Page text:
Westpac scam: Father-of-two lost his life savings in a ‘brilliant’ scam


Father-of-two who lost his life savings in a ‘brilliant’ scam reveals how he and his bank were outsmarted by the con artists

  • Waine Sauermann, from New South Wales, lost $27,380 in sophisticated scam 
  • After initial withdrawal, the father’s bank told him that his card had been blocked
  • However, he didn’t get a new one and a scammer then tricked him out of his cash 

A father-of-two has revealed how he was left penniless after a ‘brilliant’ scammer outsmarted him and his bank.   

Waine Sauermann from NSW lost $27,380 and was left with just three dollars in his account. 

It started after he received a message from Westpac saying his card had been stopped because of a suspicious withdrawal. 

However, he went online and discovered there had been two $700 withdrawals. 

Father-of-two Waine Sauermann, from New South Wales, lost $27,380 and was left with just three dollars in his account

He visited his local Westpac branch and was told his card would be blocked and a new one would be sent to him. 

Seven days later, he was still waiting for his card and decided to ring the bank again. 

However, they scammers beat him to it and a man called Ben rang him – though Mr Sauermann was in for a nasty surprise.  

‘So I get a phone call, ‘hey it’s Ben from the bank’,’ he told A Current Affair.

‘(He) asked me for all the normal stuff a bank asks you for, like your customer ID number and then gets me to read (it) out; says he’s going to put the $1,400 back in my account and issue me a new card.

‘So I couldn’t be happier, so I read out the three codes. He’s like ‘yeah, no that’s all good, hang up, go back to work’.’

To his dismay, he later realised that the call from Ben was a scam and called Westpac again.  

‘So eventually at 1.30am I get onto someone. They say, ‘don’t worry your online account is shut and just don’t worry about it and ring up the bank in the morning’. So I’m like ‘phew’,’ he said.

But the situation took a turn for the worse in the morning when he saw money flying out of his bank account.  

It started after he received a message from Westpac saying his card had been stopped because of a suspicious withdrawal. However, he went online and discovered there had been two $700 withdrawals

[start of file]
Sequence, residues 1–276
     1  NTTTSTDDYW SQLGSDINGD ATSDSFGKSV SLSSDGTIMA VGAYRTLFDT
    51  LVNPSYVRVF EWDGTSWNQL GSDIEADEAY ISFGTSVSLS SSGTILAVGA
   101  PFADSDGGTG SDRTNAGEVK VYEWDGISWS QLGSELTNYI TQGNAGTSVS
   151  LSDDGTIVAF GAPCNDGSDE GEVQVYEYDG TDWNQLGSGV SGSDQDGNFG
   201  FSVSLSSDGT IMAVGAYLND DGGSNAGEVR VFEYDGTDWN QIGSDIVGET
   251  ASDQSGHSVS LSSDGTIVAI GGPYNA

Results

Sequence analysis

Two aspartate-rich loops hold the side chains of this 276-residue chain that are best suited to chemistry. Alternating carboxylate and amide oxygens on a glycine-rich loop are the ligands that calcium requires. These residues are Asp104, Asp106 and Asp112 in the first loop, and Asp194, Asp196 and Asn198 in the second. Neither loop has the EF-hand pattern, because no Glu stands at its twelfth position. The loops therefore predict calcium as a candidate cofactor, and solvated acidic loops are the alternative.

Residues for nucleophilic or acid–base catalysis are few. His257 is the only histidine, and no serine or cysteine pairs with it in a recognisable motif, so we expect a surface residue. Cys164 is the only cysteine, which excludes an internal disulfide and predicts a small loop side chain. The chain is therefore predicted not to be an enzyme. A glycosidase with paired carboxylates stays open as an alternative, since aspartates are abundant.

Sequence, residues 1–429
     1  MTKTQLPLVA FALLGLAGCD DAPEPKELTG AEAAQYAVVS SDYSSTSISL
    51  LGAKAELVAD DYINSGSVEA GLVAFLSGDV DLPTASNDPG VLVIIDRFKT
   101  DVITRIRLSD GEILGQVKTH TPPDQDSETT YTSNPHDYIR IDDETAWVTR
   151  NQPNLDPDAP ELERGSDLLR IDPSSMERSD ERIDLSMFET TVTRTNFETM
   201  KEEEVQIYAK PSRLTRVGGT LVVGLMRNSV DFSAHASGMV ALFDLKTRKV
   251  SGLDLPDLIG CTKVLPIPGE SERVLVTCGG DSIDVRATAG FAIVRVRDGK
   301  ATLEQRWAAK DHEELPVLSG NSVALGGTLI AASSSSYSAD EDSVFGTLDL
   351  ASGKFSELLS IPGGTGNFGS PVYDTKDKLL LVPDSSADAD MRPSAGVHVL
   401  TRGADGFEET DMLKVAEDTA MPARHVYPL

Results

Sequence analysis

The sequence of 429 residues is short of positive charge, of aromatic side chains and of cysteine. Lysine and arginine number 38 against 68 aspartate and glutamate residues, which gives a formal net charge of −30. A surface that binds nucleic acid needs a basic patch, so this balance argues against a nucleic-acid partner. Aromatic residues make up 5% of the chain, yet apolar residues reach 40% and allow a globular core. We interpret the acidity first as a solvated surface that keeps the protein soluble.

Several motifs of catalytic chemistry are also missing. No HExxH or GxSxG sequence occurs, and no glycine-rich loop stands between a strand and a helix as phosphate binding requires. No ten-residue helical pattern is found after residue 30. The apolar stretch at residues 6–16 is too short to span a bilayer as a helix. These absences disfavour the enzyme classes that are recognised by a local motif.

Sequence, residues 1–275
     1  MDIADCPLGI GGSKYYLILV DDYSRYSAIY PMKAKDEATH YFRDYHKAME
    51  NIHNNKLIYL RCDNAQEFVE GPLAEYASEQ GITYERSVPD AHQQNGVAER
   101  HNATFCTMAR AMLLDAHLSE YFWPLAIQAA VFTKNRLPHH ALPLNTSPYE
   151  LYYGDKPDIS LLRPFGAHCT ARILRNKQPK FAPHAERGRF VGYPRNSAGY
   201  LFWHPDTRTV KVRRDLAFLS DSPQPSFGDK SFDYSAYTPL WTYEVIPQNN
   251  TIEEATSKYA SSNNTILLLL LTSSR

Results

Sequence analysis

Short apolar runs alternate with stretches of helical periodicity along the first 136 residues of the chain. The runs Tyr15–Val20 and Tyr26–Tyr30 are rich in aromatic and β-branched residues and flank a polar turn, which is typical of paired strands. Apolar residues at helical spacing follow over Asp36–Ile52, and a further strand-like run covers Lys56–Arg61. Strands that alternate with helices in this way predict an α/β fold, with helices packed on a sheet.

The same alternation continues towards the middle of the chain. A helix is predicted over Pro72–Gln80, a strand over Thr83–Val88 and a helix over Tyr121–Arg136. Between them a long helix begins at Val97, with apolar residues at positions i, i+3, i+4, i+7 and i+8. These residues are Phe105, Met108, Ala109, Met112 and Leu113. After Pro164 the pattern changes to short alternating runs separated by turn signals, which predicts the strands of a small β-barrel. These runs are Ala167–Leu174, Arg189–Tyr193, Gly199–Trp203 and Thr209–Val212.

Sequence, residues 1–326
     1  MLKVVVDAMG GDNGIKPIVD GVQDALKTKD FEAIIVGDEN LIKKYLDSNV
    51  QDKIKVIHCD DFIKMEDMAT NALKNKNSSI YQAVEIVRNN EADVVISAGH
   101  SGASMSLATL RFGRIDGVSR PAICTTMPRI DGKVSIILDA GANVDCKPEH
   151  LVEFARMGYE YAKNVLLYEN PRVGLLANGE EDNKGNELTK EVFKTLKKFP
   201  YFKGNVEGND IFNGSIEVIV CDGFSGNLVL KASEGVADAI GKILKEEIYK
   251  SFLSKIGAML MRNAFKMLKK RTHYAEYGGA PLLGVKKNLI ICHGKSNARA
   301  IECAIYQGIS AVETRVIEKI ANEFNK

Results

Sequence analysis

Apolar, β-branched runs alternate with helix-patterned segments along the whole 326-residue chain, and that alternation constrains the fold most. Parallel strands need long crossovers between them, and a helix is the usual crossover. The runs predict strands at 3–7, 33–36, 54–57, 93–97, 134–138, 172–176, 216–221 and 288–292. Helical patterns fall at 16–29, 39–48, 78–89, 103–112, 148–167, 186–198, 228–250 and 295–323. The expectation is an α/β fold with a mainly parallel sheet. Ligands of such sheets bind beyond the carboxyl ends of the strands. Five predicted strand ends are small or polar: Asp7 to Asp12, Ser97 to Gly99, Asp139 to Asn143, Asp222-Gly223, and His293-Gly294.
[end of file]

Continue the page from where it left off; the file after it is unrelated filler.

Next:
It started after he received a message from Westpac saying his card had been stopped because of a suspicious withdrawal. However, he went online and discovered there had been two $700 withdrawals

The bank told Mr Sauermann that he probably wouldn't get his money back, before eventually refunding him

The bank told Mr Sauermann that he probably wouldn’t get his money back, before eventually refunding him

He eventually decided to go down to the bank, only to be told that he was effectively broke.  

‘She’s (the bank teller) like, ‘it’s all gone. You’ve got $3 in your account’,’ Sauermann said.

‘At this point I’m shaking like a child, you know, just in shock. So I finish off with the bank and then go to the police station.’

Detective Acting Superintendent Richard Puffett from New South Wales Police said scammers are getting smarter and consumers should ‘never accept a cold call’.

He added that police are still trying to piece together what happened in Mr Sauermann’s case.

The bank told Mr Sauermann that he probably wouldn’t get his money back, before eventually refunding him.  

A spokesperson added: ‘We’ve seen a recent spike in impersonation scams where scammers pose as a known business to trick you into sending them money or personal information. 

‘Customers should be wary of any unexpected calls, SMS or emails claiming to be from their bank or other reputable organisation, and always stop to consider what you’re being asked to do. If in doubt, hang up and call back on a publicly listed number to confirm if the call was genuine.’

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